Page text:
Fortunately, this is really easy to repair. You need to replace the seal. I just did this myself and it takes all of about five minutes.

Go to any Mercury shop and ask for Mercury part number 26-14381. It's a very standard "double lip seal". If they don't already have one in stock, they can order it for you and have it in a week. Or you can order it online from www.mercruiserparts.com or many other sites. Or you can go to a local machine shop supply house and get the equivalent part if you take the old one along so they can match it. (I'd get the Mercury one.) Cost for the authentic Mercury part is about $20.

Pull the stator and drain the lube. Looking at the end with the impeller shaft hole, there's a plastic ring (called the "seal protector"). Carefully pry that off with a small flatblade screwdriver. Next is the seal. Best case, use a standard seal puller (available at Harbor Freight for under $20 and handy to have around for other things too). Or, you can carefully pry it out using a somewhat larger flatblade screwdriver. Be careful if you go the screwdriver route, and don't damage the two bushings farther inside the stator. If you use the seal puller it will literally pop right out. Pay attention to which way the seal sits in the stator - it's asymmetrical and you want to install the new one the same way.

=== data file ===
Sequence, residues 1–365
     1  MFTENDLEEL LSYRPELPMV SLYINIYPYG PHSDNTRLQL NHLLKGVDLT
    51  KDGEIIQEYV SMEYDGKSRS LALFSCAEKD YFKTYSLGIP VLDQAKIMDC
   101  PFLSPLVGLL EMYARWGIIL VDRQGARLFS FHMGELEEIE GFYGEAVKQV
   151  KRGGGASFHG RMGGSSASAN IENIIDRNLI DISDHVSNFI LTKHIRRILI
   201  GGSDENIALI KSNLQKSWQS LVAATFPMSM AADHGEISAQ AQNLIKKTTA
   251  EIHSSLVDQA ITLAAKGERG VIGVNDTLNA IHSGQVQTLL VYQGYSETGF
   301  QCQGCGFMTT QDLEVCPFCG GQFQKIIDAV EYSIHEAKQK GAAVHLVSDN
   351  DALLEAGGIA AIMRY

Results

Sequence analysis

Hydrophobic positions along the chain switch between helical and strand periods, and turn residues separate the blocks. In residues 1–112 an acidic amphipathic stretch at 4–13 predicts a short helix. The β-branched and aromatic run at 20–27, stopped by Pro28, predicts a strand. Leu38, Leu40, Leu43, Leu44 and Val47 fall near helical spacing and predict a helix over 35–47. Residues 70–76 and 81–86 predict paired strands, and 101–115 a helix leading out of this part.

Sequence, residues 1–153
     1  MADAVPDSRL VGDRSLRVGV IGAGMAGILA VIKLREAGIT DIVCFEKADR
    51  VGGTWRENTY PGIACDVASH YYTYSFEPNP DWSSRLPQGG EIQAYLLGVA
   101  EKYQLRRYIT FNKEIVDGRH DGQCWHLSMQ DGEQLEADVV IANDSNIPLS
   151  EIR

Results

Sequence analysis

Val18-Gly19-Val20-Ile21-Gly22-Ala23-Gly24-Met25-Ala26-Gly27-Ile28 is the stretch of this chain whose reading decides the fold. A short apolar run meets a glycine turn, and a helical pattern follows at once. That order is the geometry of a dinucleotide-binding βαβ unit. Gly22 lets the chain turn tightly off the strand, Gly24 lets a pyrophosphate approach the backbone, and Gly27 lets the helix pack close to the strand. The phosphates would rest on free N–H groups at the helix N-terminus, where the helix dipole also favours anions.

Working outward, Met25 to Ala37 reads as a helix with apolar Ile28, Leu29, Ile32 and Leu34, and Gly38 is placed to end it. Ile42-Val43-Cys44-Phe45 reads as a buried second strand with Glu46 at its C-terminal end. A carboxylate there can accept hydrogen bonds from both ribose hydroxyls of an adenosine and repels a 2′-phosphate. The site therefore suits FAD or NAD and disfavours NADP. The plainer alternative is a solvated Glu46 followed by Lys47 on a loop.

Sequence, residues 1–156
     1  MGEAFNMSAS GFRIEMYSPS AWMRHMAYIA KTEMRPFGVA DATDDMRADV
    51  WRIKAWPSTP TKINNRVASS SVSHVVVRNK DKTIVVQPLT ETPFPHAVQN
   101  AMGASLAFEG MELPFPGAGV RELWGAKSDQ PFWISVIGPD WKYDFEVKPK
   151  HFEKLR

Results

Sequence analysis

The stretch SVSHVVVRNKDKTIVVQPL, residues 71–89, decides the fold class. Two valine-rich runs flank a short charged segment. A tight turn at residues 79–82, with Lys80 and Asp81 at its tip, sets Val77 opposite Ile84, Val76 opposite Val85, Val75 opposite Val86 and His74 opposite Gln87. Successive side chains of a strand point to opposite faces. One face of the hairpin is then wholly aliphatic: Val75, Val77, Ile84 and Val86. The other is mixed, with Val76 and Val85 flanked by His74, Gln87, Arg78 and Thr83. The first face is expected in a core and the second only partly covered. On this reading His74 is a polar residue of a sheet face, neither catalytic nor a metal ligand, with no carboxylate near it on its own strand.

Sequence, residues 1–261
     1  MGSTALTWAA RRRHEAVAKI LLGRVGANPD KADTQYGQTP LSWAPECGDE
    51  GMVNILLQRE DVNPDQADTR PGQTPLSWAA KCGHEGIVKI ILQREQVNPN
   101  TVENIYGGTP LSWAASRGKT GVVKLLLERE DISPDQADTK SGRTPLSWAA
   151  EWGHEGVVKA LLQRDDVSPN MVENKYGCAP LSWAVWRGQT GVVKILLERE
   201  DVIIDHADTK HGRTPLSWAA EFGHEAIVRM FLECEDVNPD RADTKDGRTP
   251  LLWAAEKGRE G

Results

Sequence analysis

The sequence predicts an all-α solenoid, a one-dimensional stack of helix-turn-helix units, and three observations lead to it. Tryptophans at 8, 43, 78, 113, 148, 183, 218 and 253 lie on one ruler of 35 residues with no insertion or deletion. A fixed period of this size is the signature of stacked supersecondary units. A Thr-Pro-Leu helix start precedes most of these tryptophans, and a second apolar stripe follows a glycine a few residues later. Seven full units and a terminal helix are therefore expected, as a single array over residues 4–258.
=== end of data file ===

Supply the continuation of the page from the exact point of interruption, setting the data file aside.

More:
Find a hex socket that just barely fits inside the seal area in the stator. Also get a rubber mallet, or a dead blow hammer, or a 2x4 and a regular hammer.

Clean up the edge against which the seal rests in the stator. Optionally apply a thin bead of anerobic gasket maker around this edge to further improve protection against water intrusion.

Lay the new seal flat on the stator and start working it into the stator with your fingers until it has started in all the way around. Now tap it gently with your mallet, dead blow hammer, or lay the 2x4 on top of it and tap the 2x4 with regular hammer until it's flush with the surface of the stator.

Next, hold the socket centered on top of the seal and tap the socket so that the seal recesses into the stator and comes to rest against that lip inside. Work around the socket so that you're certain the seal is fully seated all the way around.